operation of semiconductor devices)
- It has especially low surface state charges and thus make
ideal dielectrics for MOS transistors.
Wet oxide - In the same way as dry oxides, but steam
- Hydrogen atoms liberated by the decomposition of the
water molecules produce imperfections that may
degrade the oxide quality.
- Wet oxide grows fast.
- Useful to grow a thick layer of field oxide
Oxide is frequently employed as an insulator between two
layers of metalization. In such cases, some form of
deposited oxide must be used rather than the grown oxides.
Deposited oxides can be produced by various reactions
between gaseous silicon compounds and gaseous oxidizers.
Deposited oxides tend to possess low densities and large
numbers of defect sites. Not suitable for use as gate
dielectrics for MOS transistors but still acceptable for use as
insulating layers between multiple conductor layers, or as
Key Variables in Oxidation
- reaction rate
- solid state diffusion
- wet oxidation is much faster than dry oxidation
- metallic contamination can catalyze reaction
- quality of oxide grown (interface states)
Etching is the process where unwanted areas of films are
removed by either dissolving them in a wet chemical
solution (Wet Etching) or by reacting them with gases in a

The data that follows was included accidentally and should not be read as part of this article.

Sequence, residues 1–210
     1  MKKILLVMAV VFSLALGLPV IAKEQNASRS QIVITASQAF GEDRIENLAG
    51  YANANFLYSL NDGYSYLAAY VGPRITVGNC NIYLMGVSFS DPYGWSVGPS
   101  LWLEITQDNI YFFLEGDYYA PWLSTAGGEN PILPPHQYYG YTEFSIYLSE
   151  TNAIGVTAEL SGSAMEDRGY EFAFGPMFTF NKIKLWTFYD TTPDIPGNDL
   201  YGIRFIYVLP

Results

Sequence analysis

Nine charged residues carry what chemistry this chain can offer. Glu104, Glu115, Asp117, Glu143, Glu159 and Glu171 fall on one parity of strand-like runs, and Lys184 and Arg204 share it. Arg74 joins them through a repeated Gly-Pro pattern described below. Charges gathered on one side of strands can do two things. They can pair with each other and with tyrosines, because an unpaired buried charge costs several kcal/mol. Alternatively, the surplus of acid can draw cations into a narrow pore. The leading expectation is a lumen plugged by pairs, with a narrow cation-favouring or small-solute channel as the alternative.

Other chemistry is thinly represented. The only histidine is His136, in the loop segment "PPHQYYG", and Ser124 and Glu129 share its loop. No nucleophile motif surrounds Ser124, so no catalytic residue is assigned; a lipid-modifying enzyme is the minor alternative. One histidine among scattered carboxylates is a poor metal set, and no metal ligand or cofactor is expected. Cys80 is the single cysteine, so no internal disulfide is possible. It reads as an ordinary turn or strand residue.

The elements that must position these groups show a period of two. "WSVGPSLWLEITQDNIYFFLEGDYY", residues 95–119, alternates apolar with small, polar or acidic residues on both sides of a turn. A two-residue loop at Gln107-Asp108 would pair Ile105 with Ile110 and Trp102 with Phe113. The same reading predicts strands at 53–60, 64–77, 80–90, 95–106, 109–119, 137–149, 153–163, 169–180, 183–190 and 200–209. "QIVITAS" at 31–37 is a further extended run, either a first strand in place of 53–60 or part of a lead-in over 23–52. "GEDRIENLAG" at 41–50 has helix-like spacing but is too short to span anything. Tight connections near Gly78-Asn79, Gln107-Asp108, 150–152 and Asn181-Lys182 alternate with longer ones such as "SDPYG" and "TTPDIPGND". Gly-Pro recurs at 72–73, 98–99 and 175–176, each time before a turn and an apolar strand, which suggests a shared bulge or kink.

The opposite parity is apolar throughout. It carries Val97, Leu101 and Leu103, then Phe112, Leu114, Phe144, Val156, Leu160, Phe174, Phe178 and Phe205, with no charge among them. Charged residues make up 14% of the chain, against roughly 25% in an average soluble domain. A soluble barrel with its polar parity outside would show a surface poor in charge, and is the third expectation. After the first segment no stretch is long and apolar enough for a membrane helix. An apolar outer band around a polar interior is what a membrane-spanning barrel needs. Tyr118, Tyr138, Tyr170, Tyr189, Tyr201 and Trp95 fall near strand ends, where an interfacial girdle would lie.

plasma to form volatile products (Dry Etching).
Resist protects areas which are to remain. In some cases a
hard mask, usually patterned layers of SiO2 or Si3N4, are used
when the etch selectivity to photoresist is low or the etching
environment causes resist to delaminate.
This is part of lithography - pattern transfer.
Wet Chemical Etching
- are in general isotropic
(not used to etch features less than ≈ 3 µm)
- achieve high selectivities for most film
- capable of high throughputs
- use comparably cheap equipment
- can have resist adhesion problems
- can etch just about anything
Example Wet Processes
For SiO2 etching
- HF + NH4F+H20 (buffered oxide etch or BOE)
- Hot phosphoric acid: H3PO4 at 180 °C
- need to use oxide hard mask
- Nitric, HF, acetic acids
- HNO3 + HF + CH3COOH + H2O
- Acetic, nitric, phosphoric acids at 35-45 °C
What is a plasma
A plasma is a partially ionized gas made up of equal parts
positively and negatively charged particles.
Plasmas are generated by flowing gases through an electric
or magnetic field.
These fields remove electrons from some of the gas
molecules. The liberated electrons are accelerated, or
energized, by the fields.
The energetic electrons slam into other gas molecules,
liberating more electrons, which are accelerated and
liberate more electrons from gas molecules, thus sustaining
Dry or Plasma Etching
Combination of chemical and physical etching –
Reactive Ion Etching (RIE)
Directional etching due to ion assistance.
In RIE processes the wafers sit on the powered
electrode. This placement sets up a negative bias on the
wafer which accelerates positively charge ions toward the